Aridification and Socio-Economic Reconfiguration as the Cause of Transformed Human-Environmental Relationships. The Crisis of the Calcolithic-Bronze Age Southern Iberian Peninsula

Hinz, Martin; Schirrmacher, Julien; Kneisel, Jutta; Weinelt, Mara (7 September 2018). Aridification and Socio-Economic Reconfiguration as the Cause of Transformed Human-Environmental Relationships. The Crisis of the Calcolithic-Bronze Age Southern Iberian Peninsula (Unpublished). In: 24th Annual Meeting of the European Association of Archaeologists. Barcelona. 5.-8. September 2018.

rchaeologically the turn from the 3rd to the 2nd millennium BCE is characterized by the transition from the Copper Age to the Bronze Age social and economic configuration (not only) on the Iberian peninsula. This goes hand in hand with a social restructuring from a society that is to some extent characterized by increasing complexity and hierarchy to a society that clearly shows a social stratification and unequal access to resources. This transition is accompanied climatologically by the 4.2 ky BP event, an aridification event likely to last from the 24th to the 22nd century BCE and which, in its effect on past cultural developments, is considered to be one of the most severe of the Holocene. Today, Mediterranean coastal regions are characterised by a dry to semiarid climate, with some regions receiving less than 200 mm of precipitation per year. The southern Iberian Peninsula in particular is vulnerable to desertification and droughts, and the climate has a strong impact on local society and economies. Based on combined archaeological and climatological investigations we can show how climate change has affected the population development of this period and how settlement foci and preferences have changed in the course of two successive droughts. As a result of the aridification, the Copper Age societies were forced to develop strategies of evasion and resilience, which in turn enabled them to locate and colonize places that had hitherto been unfavourable for settlement. These new strategies in turn led to a significant transformation of the Mediterranean region of the southern Iberian Peninsula through human impact (deforestation, El Argar). We present this development as an early example of a trajectory in which the reciprocal influence of man and the environment inter- twined has had a lasting influence on the further development of both spheres.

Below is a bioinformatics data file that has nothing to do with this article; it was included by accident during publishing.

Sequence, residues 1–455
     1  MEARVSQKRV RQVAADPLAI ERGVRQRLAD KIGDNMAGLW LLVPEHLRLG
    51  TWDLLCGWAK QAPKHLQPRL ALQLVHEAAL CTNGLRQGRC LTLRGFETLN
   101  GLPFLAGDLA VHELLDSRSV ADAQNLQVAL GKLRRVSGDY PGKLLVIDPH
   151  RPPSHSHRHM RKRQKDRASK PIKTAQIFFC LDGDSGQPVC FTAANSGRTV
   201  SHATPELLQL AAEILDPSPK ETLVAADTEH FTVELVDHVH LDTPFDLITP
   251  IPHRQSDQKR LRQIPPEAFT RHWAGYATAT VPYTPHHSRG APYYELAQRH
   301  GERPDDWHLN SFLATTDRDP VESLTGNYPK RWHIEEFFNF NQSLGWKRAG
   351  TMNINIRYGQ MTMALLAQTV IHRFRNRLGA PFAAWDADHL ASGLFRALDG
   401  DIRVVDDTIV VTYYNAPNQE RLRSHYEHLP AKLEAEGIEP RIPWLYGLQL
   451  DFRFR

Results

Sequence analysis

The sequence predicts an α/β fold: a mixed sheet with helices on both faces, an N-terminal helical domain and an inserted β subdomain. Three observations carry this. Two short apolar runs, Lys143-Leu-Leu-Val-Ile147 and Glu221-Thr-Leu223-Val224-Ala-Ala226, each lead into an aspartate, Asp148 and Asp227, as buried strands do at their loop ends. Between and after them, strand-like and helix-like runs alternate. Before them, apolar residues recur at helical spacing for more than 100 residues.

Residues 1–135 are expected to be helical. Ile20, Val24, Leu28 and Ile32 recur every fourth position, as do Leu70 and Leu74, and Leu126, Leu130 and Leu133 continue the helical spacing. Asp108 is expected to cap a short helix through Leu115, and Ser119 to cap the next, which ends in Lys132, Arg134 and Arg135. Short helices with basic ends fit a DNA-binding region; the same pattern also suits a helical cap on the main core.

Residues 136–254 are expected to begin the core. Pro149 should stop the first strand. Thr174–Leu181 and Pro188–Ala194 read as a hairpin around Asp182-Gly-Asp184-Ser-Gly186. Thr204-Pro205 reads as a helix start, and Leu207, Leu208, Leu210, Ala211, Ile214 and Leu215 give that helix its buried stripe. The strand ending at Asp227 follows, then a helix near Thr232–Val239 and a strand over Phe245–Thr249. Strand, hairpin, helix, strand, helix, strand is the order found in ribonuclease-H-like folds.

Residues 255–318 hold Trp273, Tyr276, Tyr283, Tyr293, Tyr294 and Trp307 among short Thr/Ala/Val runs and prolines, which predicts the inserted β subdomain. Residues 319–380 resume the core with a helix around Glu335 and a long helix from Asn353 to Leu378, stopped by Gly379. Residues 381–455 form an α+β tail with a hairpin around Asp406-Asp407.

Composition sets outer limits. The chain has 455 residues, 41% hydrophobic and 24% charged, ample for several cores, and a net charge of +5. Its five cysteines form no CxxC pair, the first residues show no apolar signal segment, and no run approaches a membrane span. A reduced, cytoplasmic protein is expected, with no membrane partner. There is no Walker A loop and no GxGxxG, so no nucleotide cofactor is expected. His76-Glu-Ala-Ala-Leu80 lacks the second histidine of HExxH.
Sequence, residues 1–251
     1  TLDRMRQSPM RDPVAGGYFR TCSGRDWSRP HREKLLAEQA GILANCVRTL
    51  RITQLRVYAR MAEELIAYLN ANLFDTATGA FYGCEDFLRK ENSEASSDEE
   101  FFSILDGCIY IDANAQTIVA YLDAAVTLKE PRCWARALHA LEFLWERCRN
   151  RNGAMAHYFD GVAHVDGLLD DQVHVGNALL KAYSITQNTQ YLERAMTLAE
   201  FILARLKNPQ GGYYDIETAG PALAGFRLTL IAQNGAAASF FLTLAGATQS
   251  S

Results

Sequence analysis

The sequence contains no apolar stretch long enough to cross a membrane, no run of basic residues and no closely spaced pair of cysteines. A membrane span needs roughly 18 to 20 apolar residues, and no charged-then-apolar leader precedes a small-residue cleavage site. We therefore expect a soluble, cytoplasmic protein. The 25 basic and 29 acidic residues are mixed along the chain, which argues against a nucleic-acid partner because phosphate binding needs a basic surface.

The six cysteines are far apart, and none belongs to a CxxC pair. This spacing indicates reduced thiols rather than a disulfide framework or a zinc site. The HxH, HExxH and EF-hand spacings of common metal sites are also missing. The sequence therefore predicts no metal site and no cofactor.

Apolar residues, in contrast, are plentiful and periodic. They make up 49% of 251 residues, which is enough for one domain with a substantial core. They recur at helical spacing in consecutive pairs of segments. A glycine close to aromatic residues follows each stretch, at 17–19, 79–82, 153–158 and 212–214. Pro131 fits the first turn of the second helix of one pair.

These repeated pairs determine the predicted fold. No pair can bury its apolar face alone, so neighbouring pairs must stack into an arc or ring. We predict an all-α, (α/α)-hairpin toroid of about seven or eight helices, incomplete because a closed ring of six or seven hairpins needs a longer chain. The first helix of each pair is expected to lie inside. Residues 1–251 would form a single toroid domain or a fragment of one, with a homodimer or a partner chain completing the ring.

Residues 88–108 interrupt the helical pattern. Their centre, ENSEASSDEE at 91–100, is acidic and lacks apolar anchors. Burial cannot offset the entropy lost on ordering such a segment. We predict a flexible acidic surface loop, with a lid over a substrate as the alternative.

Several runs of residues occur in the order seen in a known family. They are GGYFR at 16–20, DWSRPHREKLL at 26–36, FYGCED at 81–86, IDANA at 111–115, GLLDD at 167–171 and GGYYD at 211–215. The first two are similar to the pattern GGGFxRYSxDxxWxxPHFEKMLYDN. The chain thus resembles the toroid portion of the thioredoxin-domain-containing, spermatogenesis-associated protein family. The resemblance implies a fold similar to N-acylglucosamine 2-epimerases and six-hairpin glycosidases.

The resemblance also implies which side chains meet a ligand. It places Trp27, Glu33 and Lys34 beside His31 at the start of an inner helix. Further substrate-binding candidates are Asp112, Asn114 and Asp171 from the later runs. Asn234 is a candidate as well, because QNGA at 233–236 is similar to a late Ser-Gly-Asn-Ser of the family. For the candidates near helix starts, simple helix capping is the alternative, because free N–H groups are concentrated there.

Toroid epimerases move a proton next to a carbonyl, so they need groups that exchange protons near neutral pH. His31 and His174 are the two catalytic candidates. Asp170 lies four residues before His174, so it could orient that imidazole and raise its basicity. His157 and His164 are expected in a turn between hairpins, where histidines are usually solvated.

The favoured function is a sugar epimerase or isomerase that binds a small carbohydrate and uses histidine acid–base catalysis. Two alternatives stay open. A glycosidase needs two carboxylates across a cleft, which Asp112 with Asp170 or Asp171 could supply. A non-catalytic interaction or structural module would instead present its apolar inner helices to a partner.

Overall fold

Item Type:

Conference or Workshop Item (Speech)

Division/Institute:

06 Faculty of Humanities > Department of History and Archaeology > Institute of Archaeological Sciences > Pre- and Early History

UniBE Contributor:

Hinz, Martin

Subjects:

900 History > 930 History of ancient world (to ca. 499)

Language:

English

Submitter:

Martin Hinz

Date Deposited:

03 Jun 2019 12:17

Last Modified:

03 Jun 2019 12:17

URI:

https://boris.unibe.ch/id/eprint/128132

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